Shaun Ellis <[log in to unmask]>
> I suggest there is a set time period to submit objections as GitHub
> issues and resolve them before we vote. Whatever issues can't get
> resolved end up in a branch/fork. In the end, we vote on each of the
> forks, or "no policy at all".
> Does that sound reasonable?
No - for a whole shedload of reasons, but I'll just mention one:
GitHub demands everyone's full legal name, which some minority members
just won't be comfortable with giving. For example, if they are
opposing some aspect of the policy or may risk their livelihood (does
the US military still do Don't-Ask-Don't-Tell?).
I'd also like to suggest Crowd-Wise
http://www.neweconomics.org/projects/crowd-wise as a possible way to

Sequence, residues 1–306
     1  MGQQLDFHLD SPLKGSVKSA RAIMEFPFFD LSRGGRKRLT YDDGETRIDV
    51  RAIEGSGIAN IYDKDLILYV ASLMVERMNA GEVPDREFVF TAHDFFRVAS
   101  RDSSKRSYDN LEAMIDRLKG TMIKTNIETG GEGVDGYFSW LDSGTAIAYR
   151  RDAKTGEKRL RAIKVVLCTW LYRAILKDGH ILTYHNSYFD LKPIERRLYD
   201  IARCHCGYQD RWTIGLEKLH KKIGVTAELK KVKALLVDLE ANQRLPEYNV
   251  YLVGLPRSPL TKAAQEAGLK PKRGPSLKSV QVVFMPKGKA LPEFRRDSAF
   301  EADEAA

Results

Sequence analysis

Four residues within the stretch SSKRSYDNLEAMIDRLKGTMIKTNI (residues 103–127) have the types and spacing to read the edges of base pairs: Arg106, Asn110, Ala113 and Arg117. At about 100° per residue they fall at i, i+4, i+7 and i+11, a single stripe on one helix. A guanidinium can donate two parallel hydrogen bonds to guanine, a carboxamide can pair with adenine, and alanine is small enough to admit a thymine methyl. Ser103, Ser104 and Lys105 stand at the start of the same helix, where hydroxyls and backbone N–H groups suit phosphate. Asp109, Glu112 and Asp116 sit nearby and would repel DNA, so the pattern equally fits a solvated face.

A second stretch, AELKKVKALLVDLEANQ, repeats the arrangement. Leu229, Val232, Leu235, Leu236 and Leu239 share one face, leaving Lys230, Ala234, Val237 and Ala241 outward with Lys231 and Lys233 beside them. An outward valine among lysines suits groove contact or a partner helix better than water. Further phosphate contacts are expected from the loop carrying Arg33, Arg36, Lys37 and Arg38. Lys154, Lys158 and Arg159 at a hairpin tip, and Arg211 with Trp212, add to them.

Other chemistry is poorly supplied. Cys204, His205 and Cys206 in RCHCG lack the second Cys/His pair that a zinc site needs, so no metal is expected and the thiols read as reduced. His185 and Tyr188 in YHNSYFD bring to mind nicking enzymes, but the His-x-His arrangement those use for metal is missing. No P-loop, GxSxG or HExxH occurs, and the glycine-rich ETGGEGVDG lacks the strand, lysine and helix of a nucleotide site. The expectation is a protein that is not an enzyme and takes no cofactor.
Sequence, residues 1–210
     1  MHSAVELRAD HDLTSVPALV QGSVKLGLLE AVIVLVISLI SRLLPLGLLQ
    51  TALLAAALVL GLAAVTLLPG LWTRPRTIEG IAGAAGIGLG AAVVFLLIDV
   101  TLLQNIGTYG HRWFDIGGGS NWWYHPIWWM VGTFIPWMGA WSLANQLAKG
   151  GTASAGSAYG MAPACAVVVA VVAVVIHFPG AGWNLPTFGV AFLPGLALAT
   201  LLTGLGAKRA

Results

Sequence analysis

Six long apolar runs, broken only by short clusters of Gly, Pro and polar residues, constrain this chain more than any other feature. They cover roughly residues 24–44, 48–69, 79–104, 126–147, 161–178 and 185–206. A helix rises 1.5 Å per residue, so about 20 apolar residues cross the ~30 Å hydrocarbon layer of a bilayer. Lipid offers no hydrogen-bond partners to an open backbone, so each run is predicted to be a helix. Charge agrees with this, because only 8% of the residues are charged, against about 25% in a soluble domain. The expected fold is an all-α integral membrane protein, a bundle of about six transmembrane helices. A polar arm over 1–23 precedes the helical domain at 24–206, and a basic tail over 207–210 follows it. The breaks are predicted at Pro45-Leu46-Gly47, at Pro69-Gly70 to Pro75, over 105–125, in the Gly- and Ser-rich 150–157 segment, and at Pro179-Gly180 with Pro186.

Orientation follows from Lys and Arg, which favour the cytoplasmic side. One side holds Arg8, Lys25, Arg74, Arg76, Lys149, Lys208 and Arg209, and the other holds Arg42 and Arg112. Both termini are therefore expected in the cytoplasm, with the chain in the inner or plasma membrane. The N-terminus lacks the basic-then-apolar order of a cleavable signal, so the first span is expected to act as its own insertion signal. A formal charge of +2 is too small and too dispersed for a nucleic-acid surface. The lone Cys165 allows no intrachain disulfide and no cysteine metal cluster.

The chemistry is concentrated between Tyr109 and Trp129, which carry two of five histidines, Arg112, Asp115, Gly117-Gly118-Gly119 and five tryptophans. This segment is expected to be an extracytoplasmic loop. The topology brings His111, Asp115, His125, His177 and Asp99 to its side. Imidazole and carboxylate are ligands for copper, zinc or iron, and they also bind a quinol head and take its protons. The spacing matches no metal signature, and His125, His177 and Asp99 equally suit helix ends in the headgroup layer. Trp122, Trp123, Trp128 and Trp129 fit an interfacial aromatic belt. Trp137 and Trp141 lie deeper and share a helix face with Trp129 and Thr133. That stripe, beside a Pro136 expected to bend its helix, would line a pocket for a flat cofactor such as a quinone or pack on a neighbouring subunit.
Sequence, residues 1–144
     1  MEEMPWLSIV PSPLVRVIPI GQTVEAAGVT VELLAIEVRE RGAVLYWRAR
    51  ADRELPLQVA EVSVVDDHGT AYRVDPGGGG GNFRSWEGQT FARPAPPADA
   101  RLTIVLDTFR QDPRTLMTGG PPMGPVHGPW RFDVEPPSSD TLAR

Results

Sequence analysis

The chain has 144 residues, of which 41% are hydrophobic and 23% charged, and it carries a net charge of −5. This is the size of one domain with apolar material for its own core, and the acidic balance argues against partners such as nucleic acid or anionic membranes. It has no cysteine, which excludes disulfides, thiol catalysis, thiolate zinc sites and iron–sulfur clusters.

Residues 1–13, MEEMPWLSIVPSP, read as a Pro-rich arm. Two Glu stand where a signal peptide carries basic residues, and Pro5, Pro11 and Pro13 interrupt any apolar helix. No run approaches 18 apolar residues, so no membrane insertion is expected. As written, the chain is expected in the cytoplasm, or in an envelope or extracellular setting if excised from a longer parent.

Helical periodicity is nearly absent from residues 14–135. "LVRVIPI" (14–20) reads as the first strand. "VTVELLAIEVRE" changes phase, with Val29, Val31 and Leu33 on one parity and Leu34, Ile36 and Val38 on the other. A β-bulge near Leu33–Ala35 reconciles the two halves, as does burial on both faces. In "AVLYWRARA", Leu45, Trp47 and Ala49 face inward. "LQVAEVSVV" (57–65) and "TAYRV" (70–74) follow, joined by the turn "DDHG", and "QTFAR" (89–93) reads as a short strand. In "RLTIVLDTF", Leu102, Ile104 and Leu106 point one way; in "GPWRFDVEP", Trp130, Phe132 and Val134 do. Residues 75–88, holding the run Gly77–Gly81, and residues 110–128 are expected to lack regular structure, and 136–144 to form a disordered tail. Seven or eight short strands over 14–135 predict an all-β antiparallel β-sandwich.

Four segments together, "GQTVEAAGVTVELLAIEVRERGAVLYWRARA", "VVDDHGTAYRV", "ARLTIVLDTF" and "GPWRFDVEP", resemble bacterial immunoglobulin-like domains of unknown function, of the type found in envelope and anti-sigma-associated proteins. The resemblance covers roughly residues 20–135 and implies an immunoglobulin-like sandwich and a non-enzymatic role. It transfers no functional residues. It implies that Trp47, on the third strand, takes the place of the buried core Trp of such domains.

vote on such things without a majority dismissing a minority
almost every single time.
A quick summary: gather all ideas (including option 0 (do nothing) if
possible), carry out a de Borda (preference) voting round 1,
merge/amend/consolidate ideas to try to get consensus or at least an
overwhelming majority, then voting round 2 if needed.
Hope that helps,
MJ Ray (slef), member of www.software.coop, a for-more-than-profit co-op.
http://koha-community.org supporter, web and library systems developer.
In My Opinion Only: see http://mjr.towers.org.uk/email.html
Available for hire (including development) at http://www.software.coop/